No see ums, also known as biting midges or sand flies, are tiny blood-sucking insects that can become a major nuisance during the warmer months. While they got their nickname due to being barely visible to the naked eye, their bites pack a powerful punch resulting in large, red, itchy welts on the skin. Getting rid of no see ums is crucial for enjoying the outdoors without being pestered, and for preventing painful bites that can potentially lead to infection.
In this comprehensive guide, we will provide the most effective methods for eliminating no see ums from your property and preventing future infestations.
Identifying No See Ums and Their Breeding Grounds
Before implementing control measures, it’s important to learn how to identify no see ums as well as their preferred breeding grounds.
No see ums are tiny flies measuring 1-3 mm in length. They have short antennae and wings that are usually folded over their backs when at rest. Their bodies and wings are covered in fine hairs. They can vary in color from blackish to grayish. Some key identifying features include:
- Minute size – adults range from 1 to 3 mm, making them barely visible
- Short, stubby antennae – their antennae are much reduced compared to larger flies
- Folded wings – wings lay flat over abdomen when at rest rather than sticking out
- Dusty, hairy appearance – close inspection reveals fine hairs covering their body and wings
- Hunched posture – they have a characteristic hunched stance compared to mosquitoes that perch horizontally
- Biting mouthparts – females have sharp, needle-like mouthparts adapted for piercing skin
Being able to recognize no see ums based on these subtle hallmarks allows you to distinguish them from other small insects you may encounter.
No see ums are most active near dusk and dawn when seeking a blood meal. They detect carbon dioxide and warmth emitted from humans and animals, which is how they zero in on hosts. The females are the only ones that bite, as they require blood to develop their eggs.
Some key facts about their behavior patterns:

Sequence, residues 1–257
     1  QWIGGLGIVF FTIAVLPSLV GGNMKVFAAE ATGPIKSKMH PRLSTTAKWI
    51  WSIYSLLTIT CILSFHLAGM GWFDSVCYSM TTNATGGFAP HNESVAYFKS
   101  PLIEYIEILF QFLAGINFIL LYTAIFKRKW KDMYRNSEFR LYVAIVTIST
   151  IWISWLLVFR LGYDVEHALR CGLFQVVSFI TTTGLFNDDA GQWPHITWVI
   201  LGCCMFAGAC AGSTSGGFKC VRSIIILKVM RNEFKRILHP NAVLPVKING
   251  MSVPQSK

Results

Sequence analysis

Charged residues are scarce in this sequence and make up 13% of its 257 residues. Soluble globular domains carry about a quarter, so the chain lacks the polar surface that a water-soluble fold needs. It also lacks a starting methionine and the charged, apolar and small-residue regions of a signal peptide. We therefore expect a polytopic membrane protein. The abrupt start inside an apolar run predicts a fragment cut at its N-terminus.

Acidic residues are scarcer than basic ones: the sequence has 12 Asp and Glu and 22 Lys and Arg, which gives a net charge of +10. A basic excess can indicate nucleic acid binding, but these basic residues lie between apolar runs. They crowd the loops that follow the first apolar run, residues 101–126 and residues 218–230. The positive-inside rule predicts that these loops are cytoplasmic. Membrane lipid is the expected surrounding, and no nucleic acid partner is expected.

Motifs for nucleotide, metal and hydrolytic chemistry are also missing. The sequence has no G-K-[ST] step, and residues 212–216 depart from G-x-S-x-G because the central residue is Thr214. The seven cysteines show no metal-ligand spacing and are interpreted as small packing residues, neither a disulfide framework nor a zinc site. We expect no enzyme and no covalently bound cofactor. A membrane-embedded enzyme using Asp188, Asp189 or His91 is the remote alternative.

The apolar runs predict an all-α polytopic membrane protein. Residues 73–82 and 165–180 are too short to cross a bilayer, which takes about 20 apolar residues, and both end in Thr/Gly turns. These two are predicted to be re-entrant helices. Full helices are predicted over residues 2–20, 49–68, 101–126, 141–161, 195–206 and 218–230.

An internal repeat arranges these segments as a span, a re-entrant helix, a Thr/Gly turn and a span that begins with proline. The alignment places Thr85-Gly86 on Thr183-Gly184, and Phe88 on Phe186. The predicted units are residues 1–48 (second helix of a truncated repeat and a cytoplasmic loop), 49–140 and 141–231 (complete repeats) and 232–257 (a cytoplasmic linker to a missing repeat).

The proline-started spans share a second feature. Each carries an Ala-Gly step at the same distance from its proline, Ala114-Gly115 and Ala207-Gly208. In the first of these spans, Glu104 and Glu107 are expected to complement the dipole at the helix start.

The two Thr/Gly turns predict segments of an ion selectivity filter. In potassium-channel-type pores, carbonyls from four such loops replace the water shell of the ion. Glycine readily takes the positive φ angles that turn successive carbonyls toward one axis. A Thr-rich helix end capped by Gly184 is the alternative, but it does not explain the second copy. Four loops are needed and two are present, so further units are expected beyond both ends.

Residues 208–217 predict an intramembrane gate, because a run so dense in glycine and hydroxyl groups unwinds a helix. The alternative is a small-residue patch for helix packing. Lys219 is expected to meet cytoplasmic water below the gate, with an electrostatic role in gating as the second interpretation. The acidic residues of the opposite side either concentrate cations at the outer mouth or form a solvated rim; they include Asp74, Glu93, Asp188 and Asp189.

- Crepuscular activity – peak feeding times are during the twilight periods around dawn and dusk
- Attracted to CO2 – exhaled carbon dioxide helps them locate potential hosts
- Heat sensors – they are drawn to body heat and infrared radiation from warm-blooded animals
- Persistent biters – they will continue trying to bite if unsuccessful, unlike mosquitoes
- Hovering flight – they characteristically hover in one spot while biting, unlike mosquitoes that land directly
- Poor fliers – fans and wind can disrupt their short, hopping flight pattern
Recognizing these behavioral quirks, such as their tiny size but aggressive biting persistence, is key to identifying a no see um problem.
No see ums thrive in moist, marshy areas and lay their eggs in mud, moist soil, underbrush, tidal pools, tree holes, and similar environments. Typical breeding grounds include:
- Salt marshes – shallow coastal wetlands flooded and drained by salt water tides
- Mangrove swamps – tropical and subtropical swamps dominated by salt-tolerant mangrove trees
- Lake and pond edges – marshy shorelines and wetlands surrounding lakes and ponds
- River banks – muddy flooded areas along rivers and streams.
- Wetlands – transitional zones between water and land with saturated soils
- Tree holes – small cavities and holes that collect rainwater and debris
- Leaf litter – soggy decomposing leaves, sticks, and organic matter
- Marsh grasses – stands of moist grass plants bordering water sources
Areas with saltwater intrusion or brackish water are especially attractive to no see ums for breeding purposes. The larvae thrive in the wet, nutrient-rich environments.
Knowing the preferred breeding environments of no see ums allows you to locate and remove potential sources on your property. Pay particular attention to moist marshy areas, tidal pools, edges of water bodies, accumulation of wet organic matter, and vegetation that retains moisture and humidity. These provide perfect conditions for larvae to flourish.